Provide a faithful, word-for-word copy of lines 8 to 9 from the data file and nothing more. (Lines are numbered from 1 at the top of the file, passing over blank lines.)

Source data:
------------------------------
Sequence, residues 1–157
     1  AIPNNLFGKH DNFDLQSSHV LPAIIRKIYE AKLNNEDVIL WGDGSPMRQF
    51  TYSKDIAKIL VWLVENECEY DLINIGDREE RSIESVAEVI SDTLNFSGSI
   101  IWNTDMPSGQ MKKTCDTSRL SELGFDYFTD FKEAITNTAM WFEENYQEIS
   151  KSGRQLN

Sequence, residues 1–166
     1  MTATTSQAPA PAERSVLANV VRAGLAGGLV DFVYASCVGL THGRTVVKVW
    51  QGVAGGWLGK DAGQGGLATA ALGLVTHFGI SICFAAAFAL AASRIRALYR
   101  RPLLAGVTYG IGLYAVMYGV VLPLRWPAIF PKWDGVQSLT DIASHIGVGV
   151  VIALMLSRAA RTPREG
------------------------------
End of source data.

    51  QGVAGGWLGK DAGQGGLATA ALGLVTHFGI SICFAAAFAL AASRIRALYR
   101  RPLLAGVTYG IGLYAVMYGV VLPLRWPAIF PKWDGVQSLT DIASHIGVGV